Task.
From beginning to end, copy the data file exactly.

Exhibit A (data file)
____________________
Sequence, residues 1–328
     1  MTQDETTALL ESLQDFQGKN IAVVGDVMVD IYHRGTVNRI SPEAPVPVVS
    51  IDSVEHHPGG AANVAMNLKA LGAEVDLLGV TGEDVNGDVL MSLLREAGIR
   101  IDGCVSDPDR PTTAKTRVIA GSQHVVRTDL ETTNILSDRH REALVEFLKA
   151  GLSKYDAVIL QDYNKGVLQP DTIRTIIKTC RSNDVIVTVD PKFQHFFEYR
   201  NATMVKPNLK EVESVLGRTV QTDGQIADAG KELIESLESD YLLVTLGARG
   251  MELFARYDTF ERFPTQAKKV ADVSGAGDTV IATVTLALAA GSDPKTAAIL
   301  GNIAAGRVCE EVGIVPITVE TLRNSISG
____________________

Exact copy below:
Sequence, residues 1–328
     1  MTQDETTALL ESLQDFQGKN IAVVGDVMVD IYHRGTVNRI SPEAPVPVVS
    51  IDSVEHHPGG AANVAMNLKA LGAEVDLLGV TGEDVNGDVL MSLLREAGIR
   101  IDGCVSDPDR PTTAKTRVIA GSQHVVRTDL ETTNILSDRH REALVEFLKA
   151  GLSKYDAVIL QDYNKGVLQP DTIRTIIKTC RSNDVIVTVD PKFQHFFEYR
   201  NATMVKPNLK EVESVLGRTV QTDGQIADAG KELIESLESD YLLVTLGARG
   251  MELFARYDTF ERFPTQAKKV ADVSGAGDTV IATVTLALAA GSDPKTAAIL
   301  GNIAAGRVCE EVGIVPITVE TLRNSISG